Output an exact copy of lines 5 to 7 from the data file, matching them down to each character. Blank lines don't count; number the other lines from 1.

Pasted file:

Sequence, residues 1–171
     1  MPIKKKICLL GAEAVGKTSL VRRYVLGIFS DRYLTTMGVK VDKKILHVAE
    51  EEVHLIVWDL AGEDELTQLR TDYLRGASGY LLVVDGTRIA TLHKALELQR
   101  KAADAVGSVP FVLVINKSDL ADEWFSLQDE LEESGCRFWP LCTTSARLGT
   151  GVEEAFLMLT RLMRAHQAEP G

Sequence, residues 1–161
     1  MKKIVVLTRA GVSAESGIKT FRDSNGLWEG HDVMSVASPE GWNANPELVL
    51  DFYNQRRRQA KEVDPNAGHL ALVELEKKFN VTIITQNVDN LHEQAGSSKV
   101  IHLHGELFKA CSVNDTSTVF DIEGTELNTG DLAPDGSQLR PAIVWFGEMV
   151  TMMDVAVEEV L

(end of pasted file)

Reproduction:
   151  GVEEAFLMLT RLMRAHQAEP G

Sequence, residues 1–161
     1  MKKIVVLTRA GVSAESGIKT FRDSNGLWEG HDVMSVASPE GWNANPELVL